In the first phase of this study, components of the system were developed to: 1) identify tests with results pending at the time of discharge; 2) obtain the identity and email addresses of the responsible inpatient and ambulatory providers; 3) exclude routinely-ordered tests to avoid provider alert fatigue; and 4) automate notification to providers by email once results are available. The intervention relies primarily upon the inpatient clinical information system; the admission, discharge, and transfer systems; and network email to orchestrate the series of events that lead to the automated notification of final test results after discharge.

In the second phase, a cluster-randomized, 6-month controlled trial measured the impact of this system on physicians' awareness. The study participants were 450 patients who were discharged from the inpatient general medicine and cardiology services at Brigham and Women's Hospital (BWH). Staff randomized both the responsible inpatient provider (attending physician at time of hospital discharge) and the responsible outpatient provider (the patient's primary care physician [PCP]) prior to the intervention. The study population included patients with TPADs discharged from these services if both their inpatient attending and primary care physician were randomized to the either intervention or usual care. Patients were excluded if their inpatient attending and PCP were in discordant arms or if their inpatient attending and PCP were the same person.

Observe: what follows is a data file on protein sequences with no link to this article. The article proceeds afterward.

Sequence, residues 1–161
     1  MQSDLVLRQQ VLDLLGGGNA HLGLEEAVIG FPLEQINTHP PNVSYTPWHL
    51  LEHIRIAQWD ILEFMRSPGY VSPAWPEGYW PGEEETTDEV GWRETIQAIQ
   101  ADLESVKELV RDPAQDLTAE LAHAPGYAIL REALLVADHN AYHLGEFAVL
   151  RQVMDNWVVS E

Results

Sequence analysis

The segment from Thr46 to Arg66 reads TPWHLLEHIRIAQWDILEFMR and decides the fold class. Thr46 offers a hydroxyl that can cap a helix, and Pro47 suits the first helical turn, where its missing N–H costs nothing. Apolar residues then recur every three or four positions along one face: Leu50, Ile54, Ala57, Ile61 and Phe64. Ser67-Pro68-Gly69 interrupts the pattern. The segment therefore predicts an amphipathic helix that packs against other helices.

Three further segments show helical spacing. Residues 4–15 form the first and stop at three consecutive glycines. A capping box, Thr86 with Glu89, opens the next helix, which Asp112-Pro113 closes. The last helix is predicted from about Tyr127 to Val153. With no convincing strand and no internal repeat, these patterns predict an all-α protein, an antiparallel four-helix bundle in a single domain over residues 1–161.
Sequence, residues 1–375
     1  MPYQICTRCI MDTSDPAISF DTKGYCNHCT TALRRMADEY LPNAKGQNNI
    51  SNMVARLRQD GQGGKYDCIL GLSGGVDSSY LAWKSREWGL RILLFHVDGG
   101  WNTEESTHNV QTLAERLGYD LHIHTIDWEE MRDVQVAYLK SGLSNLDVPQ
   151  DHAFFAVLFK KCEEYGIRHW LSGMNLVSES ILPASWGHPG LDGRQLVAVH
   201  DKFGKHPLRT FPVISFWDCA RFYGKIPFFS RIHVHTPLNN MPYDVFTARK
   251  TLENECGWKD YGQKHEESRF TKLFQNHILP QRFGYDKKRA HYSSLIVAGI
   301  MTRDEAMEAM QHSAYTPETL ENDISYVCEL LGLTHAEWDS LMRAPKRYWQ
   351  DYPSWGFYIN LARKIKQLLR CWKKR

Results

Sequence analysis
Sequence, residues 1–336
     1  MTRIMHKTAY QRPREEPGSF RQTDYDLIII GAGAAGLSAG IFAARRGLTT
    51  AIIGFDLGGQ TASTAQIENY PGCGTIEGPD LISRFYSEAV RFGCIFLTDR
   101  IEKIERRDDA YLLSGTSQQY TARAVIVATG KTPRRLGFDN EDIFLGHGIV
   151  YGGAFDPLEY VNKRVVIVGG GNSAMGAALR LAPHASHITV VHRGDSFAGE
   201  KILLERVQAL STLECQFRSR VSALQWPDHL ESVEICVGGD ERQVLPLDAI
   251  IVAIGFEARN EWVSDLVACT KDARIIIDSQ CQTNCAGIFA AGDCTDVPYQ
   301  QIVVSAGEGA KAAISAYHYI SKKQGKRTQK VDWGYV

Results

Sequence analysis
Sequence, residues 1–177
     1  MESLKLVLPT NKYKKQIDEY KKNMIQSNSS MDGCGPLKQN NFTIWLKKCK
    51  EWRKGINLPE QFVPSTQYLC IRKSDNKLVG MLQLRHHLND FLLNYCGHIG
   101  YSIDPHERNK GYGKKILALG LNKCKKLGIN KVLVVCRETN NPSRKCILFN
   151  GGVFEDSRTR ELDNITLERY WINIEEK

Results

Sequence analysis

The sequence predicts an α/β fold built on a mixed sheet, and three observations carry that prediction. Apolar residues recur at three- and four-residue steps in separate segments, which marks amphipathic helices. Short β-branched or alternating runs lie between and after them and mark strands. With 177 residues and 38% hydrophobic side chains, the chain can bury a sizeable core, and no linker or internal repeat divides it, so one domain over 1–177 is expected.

The primary outcome is awareness of any TPAD result by the inpatient attending. Secondary outcomes include awareness of any TPAD result by the PCP, user satisfaction, awareness of actionable test results, and whether appropriate actions are taken in response to these results after EHR review. Physician awareness is measured by a survey sent to responsible providers 72 hours after the last finalized TPAD result is available. The study will inform future efforts to optimize this type of intervention at BWH and other institutions trying to minimize this patient safety problem.

Specific Aims: